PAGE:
A 35 year old hospital worker was diagnosed with Huntington’s disease in the previous year after following a personality change.
Her main symptoms reported was that of choriform movements and anxiety which was managed with 150 mg of Venlafaxine. Her mother also suffers from the condition. The pregnancy was unplanned and booked at 24 weeks. The couple were aware of the 50% risk of inheritance to the baby, but declined prenatal testing as they would not have undergone a termination should the result be positive. Antenatally, her choriform movements increased causing her to fall and fracture her right humerus. She required help with activities of daily living and subsequently social workers and occupational therapists were involved in her care. There was evidence of good clinical growth, although at 34 weeks gestation scan demonstrated evidence of an enlarged heart for which all investigations were normal.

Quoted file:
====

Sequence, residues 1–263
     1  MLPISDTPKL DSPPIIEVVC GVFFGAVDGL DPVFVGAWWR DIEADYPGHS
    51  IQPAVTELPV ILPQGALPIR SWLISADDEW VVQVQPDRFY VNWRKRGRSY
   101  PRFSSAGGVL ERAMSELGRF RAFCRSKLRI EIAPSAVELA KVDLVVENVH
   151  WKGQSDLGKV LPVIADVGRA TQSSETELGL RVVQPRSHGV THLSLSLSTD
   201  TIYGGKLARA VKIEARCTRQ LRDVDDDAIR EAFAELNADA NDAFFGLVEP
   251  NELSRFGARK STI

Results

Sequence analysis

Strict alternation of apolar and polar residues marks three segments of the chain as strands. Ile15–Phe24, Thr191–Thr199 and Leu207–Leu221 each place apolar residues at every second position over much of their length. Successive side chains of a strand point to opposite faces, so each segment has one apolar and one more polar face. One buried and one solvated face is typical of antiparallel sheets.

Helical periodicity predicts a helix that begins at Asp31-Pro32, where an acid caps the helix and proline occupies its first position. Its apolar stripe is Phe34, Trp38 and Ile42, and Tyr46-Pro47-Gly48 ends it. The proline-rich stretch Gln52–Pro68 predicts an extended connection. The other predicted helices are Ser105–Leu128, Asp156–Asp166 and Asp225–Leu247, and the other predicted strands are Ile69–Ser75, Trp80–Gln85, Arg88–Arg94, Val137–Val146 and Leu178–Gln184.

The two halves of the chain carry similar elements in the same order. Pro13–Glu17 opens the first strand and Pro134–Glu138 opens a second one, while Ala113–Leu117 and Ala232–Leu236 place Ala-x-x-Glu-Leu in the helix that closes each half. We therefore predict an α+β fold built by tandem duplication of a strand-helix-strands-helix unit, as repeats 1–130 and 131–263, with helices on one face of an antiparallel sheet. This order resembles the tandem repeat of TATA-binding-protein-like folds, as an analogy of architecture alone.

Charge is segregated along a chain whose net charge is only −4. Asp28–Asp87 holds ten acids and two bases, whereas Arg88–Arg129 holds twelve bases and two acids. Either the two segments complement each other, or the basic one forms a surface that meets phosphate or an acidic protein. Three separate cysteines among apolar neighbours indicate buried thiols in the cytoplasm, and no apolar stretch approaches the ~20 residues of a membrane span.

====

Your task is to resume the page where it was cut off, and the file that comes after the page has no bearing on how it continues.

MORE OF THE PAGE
The plan was to aim for a vaginal delivery, however she presented with SROM of thick meconium in early labour. She progressed to 4 cm dilatation, developed a bradycardia and subsequently had a CS. The apgars were normal and the patient made a straightforward post op recovery. The enlarged heart was not confirmed postnatally.
This report focuses on the issues involved in reproductive decision making and prenatal testing in parents at risk of Huntington’s disease. Both deciding to abstain from having children or to pursue prenatal testing, with a 50% chance of a positive result, reflect complex problems.
Statistics from Altmetric.com
If you wish to reuse any or all of this article please use the link below which will take you to the Copyright Clearance Center’s RightsLink service. You will be able to get a quick price and instant permission to reuse the content in many different ways.